The lockdowns cut emissions of soot and other pollutants, as people drove less and the generation of electricity, largely from coal, was reduced. That meant less soot was deposited on snow, where it absorbs sunlight, emits heat and causes faster melting.
The cleaner snow in 2020 reflected more sunlight and did not melt as fast, the researchers said. In all, that delayed runoff into the Indus River of more than than 1 1/2 cubic miles of melt water, they calculated, similar to the volume of some of the largest reservoirs in the United States.
More than 300 million people depend on the Indus for water, much of which starts as snow in the high peaks of the Karakoram and other mountain ranges.
Timing of melt water runoff in the spring and summer can be crucial for managing water supplies over time. In many parts of the world, climate change has affected this timing, with warmer temperatures and a shift to more rain and less snow causing more snow to melt sooner. Slower runoff can thus be beneficial, helping managers of reservoirs store more water and maintain a steady flow over the year.
Ned Bair, a snow hydrologist at the University of California, Santa Barbara, and the lead researcher, said that while they could not prove conclusively that the pandemic was the reason for the timing delay, “it seems unlikely that anything else would have led to that.”
India imposed a nationwide lockdown in late March last year that continued through early May. Several studies showed rapid improvements in air quality in that period, particularly in and around Delhi, which is notorious for having some of the most unhealthy air in the world.
Anecdotal reports also suggested that the air over much of the subcontinent was cleaner. In Kathmandu, Nepal, for example, residents reported being able to see Mount Everest, 100 miles distant, for the first time in decades.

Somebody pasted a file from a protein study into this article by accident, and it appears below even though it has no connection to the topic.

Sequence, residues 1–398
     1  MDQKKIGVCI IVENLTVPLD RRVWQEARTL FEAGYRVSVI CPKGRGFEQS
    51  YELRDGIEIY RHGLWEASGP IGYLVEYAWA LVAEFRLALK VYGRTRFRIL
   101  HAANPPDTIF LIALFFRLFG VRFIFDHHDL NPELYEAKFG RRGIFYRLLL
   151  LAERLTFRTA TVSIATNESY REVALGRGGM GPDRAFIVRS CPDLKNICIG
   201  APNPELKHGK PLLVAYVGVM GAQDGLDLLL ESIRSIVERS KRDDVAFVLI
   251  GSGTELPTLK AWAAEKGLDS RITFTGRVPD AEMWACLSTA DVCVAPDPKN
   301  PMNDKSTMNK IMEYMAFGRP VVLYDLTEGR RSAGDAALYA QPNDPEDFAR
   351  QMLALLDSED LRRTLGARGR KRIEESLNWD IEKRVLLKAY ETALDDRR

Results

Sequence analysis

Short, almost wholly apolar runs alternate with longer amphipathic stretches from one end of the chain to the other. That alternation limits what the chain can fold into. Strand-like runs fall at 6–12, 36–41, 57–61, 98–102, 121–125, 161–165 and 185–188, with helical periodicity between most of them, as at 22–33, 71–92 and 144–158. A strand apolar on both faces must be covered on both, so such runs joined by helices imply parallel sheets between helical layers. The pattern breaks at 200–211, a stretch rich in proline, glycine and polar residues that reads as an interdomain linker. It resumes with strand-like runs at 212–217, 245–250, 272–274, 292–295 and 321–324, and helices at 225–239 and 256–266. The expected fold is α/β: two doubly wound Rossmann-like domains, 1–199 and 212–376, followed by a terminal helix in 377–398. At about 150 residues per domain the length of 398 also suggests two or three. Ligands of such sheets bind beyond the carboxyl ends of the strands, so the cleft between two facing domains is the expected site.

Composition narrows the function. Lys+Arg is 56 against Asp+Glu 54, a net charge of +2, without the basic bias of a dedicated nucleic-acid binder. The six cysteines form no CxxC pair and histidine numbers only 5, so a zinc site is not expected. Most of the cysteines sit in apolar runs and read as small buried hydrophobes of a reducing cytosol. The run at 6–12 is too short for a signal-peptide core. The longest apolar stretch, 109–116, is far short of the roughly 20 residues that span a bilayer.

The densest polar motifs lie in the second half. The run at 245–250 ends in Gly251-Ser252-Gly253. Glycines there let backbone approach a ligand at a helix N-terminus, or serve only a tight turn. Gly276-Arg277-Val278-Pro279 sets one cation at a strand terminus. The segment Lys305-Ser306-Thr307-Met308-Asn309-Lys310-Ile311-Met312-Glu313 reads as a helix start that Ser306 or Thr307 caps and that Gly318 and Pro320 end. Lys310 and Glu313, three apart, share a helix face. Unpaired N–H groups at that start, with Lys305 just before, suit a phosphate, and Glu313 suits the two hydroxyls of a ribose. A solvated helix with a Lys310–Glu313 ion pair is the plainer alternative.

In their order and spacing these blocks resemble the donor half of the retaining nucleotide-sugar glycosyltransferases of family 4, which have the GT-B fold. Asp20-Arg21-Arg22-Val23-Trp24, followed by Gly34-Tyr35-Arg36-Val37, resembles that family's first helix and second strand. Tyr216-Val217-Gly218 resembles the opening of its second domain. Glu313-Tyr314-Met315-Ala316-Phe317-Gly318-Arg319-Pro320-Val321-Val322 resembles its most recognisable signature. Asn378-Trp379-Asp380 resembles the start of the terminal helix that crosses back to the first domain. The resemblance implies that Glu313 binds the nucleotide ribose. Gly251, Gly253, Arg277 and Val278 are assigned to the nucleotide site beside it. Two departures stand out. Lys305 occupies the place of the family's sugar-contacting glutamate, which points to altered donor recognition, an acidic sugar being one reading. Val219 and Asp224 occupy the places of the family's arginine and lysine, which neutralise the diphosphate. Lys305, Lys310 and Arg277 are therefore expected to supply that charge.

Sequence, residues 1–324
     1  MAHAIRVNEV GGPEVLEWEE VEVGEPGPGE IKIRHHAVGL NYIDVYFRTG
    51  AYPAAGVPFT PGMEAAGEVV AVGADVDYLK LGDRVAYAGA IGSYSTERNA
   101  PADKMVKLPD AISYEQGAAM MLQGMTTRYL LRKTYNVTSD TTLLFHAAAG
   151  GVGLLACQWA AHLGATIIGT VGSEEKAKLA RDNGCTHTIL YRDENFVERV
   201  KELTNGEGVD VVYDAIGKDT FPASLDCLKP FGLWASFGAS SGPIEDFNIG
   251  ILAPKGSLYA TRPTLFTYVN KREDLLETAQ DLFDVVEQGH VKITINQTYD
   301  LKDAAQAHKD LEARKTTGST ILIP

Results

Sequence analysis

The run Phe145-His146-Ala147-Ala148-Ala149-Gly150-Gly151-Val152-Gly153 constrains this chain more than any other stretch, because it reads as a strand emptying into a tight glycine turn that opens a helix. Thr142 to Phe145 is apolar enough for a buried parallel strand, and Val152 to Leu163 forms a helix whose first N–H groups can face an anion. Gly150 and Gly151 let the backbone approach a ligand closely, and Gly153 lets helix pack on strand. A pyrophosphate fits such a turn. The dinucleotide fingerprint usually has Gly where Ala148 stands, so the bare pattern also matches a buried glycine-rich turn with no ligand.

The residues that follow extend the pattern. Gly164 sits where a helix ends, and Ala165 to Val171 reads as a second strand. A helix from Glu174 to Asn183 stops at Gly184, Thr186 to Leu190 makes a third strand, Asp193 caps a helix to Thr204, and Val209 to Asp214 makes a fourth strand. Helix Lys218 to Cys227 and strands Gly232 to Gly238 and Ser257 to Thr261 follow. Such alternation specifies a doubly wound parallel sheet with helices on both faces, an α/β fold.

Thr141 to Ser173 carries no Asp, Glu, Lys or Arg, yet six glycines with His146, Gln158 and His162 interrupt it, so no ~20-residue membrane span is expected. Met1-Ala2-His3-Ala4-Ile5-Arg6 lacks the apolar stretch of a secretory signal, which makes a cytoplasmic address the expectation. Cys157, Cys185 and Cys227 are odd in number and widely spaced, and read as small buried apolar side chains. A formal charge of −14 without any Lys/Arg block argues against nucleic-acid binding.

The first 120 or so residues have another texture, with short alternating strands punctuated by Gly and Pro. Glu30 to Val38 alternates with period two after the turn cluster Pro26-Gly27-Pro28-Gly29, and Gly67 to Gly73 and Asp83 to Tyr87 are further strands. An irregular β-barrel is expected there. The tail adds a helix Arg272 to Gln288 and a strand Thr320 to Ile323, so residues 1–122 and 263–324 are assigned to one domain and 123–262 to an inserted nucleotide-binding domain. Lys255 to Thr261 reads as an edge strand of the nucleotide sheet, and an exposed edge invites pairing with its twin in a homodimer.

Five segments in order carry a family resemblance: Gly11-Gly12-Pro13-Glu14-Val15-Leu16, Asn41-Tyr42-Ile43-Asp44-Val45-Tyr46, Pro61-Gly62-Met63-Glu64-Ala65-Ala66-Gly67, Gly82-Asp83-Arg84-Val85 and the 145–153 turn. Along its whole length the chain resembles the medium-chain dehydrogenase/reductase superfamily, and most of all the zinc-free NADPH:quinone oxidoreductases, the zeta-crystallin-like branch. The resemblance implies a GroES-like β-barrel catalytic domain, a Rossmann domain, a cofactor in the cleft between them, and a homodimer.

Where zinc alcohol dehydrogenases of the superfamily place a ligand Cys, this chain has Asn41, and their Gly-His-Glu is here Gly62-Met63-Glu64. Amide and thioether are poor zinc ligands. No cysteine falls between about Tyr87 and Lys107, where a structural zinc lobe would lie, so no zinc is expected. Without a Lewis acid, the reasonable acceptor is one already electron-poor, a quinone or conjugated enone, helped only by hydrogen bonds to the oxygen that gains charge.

By analysing satellite remote-sensing images, the researchers found that concentrations of soot and other particles on snow and ice in the Indus basin decreased by 30% in 2020 compared with the 20-year average.
A paper describing the findings was published in Proceedings of the National Academy of Sciences.
Mark Flanner, an atmospheric scientist at the University of Michigan who was not involved in the study, said the results made sense. “We know that the air was extremely clean this year,” he said. “The shoe fits the foot.”
Bair said the work showed how changes in behaviour, for whatever reason, can affect water supplies. Worldwide, about 2 billion people rely on snow and ice melt for their water. More broadly, Flanner said, the study is “further evidence that cleaning up the environment can have a wide variety of positive benefits that we might not immediately be aware of.”
The study adds to a growing body of work on what might be called the side effects of the pandemic. Among other findings, researchers have documented an overall reduction in greenhouse gas emissions, a shift in timing of energy use in locked-down households, and even an increase in eye injuries among children because of the widespread use of hand sanitizer.
Air quality readings “are back to being terrible” in Delhi, Bair said. With the recent severe surge in COVID cases in India, Delhi and some other cities are back in lockdown, at least for a few weeks. But when the new stay-home orders are eventually lifted, any effect of the pandemic on Indus melt water will most likely only be temporary.